Gyms are considered a second home for athletes because they spend multiple hours training there every day.

When the COVID-19 pandemic reached the United States, it caused gyms across the country to close their doors for months. Brian Berdusco, a Florida men’s tennis player, is one of many Gators who had to improvise to stay in shape.

Berdusco said he has spent most of this offseason running to improve his endurance but wanted to work on other parts of his game. So, he turned to YouTube to find a tutorial on how to make his own squat rack.

His DIY projects don’t stop there, though.

Berdusco and his brother found inspiration to keep building from a CrossFit documentary on Netflix.

“Me and my brother watched it, and we got into it,” he said. “It's a lot of pull-ups with rings and rope climbing, so we set up a big rope climbing rope on our tree in our backyard, and we've been climbing it as a workout, just being creative with what we have.”

The rising senior is not the only collegiate athlete in his family. His oldest sister, Ellie, was a swimmer at Notre Dame from 2015 to 2018. Berdusco also has traveled with her to the beach to do open-water workouts.

Berdusco said that a normal offseason feels like they are still in-season because players are constantly traveling for tournaments. During the summer, the team also likes to take a class so they can return to campus to train with coaches.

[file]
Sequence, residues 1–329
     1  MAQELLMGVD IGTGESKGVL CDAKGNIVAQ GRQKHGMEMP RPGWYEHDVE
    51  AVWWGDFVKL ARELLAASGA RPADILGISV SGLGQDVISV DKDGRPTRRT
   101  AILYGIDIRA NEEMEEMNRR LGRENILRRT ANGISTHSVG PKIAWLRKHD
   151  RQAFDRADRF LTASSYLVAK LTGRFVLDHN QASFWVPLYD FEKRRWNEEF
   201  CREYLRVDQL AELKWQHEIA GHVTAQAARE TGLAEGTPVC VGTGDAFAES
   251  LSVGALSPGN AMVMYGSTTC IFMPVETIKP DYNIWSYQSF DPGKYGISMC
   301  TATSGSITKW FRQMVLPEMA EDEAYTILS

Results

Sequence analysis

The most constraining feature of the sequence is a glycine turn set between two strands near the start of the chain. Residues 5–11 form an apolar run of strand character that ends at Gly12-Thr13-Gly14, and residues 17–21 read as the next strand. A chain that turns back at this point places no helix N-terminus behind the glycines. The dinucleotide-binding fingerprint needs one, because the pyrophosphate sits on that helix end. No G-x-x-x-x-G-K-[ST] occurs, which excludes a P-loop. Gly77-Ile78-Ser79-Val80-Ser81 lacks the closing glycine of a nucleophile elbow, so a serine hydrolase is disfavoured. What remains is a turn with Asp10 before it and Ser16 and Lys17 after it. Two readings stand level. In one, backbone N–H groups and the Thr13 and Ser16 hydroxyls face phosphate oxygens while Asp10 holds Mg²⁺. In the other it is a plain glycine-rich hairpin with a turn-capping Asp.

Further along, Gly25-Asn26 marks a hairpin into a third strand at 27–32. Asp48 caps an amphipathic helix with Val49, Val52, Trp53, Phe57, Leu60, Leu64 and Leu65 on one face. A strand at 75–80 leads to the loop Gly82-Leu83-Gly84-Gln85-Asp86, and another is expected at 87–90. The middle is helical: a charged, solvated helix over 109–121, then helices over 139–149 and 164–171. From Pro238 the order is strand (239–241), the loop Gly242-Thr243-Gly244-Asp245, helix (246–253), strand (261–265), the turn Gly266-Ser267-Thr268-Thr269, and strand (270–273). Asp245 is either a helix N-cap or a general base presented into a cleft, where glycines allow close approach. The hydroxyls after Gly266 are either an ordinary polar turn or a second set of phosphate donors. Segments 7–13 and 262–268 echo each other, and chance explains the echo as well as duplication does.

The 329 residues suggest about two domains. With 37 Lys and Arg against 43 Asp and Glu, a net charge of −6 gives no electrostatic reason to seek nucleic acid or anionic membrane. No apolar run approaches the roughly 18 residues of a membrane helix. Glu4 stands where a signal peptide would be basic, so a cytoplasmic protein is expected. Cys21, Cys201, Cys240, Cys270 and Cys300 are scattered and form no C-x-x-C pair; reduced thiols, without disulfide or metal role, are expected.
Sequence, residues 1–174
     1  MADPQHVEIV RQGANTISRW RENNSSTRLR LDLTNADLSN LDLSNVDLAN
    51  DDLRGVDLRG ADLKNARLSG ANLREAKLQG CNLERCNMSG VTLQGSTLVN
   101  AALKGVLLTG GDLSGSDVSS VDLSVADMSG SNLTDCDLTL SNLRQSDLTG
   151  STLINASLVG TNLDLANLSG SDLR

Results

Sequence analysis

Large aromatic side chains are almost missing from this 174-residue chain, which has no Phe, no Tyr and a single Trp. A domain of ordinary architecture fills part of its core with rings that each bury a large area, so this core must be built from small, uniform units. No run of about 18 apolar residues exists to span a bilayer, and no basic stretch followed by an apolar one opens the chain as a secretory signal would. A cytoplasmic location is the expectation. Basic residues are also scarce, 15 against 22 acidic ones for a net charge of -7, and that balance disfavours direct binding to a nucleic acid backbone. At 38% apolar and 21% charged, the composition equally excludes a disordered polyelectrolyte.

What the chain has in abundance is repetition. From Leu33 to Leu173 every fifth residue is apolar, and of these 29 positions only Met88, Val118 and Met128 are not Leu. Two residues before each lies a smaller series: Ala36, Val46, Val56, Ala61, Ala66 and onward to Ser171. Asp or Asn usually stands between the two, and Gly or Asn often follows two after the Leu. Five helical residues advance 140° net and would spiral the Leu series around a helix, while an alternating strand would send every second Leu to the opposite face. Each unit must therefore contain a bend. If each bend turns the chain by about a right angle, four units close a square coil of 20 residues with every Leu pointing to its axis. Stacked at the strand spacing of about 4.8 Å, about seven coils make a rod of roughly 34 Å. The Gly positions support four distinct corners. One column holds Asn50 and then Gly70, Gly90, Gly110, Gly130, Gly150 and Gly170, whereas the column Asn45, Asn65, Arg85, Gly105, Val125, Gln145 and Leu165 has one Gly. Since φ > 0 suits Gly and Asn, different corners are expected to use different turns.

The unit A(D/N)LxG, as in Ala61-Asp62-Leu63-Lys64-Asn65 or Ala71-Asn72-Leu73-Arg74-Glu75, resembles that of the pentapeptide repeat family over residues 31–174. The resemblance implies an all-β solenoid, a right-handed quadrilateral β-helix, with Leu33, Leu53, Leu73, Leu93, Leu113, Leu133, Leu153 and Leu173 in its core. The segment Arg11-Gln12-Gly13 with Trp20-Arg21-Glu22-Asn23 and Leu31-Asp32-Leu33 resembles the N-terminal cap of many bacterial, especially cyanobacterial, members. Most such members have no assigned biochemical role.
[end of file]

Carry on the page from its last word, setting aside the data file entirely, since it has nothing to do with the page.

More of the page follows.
This all changed when the COVID-19 pandemic turned the sports world upside down. The NCAA canceled all spring sports, ending Florida’s season. The Gators were supposed to play Georgia and Tennessee that upcoming weekend.

Berdusco said the team was disappointed when coach Bryan Shelton told them the season was over.

“Because we thought it was going to be their last opportunity to play,” he said. “We were all devastated, especially for the seniors. It kind of got taken away from them, so we're all pretty sad.”

However, this new reality hasn’t prevented Shelton and his staff from finding ways to make sure his squad is ready whenever sports resume. The strength coaches, trainers and nutritionists have sent players plans to keep them ready.

Athletes from other UF teams have conducted weekly Zoom meetings to stay in contact with each other. This is no different for the tennis team, except it has been a little less often.

Despite that, Berdusco stated the team has communicated with one another more than they have in past offseasons because they all have a consistent schedule due to the lack of tournaments.

Meanwhile, Shelton has preached to his team to not feel sorry for themselves because the world is in a similar predicament.

Berdusco said the team is ready to go whenever it is considered safe to play again.

“Even during this lockdown, everyone on the team is still extremely motivated to get better in any way,” Berdusco said. “When we get back on court as a team, we're right where we left off pretty much.”

Follow Zachary on Twitter @zacharyahuber and contact him at [email protected].

Zachary Huber covers men's tennis for the Alligator. This is his first semester working for The Alligator. He's a junior studying journalism at UF.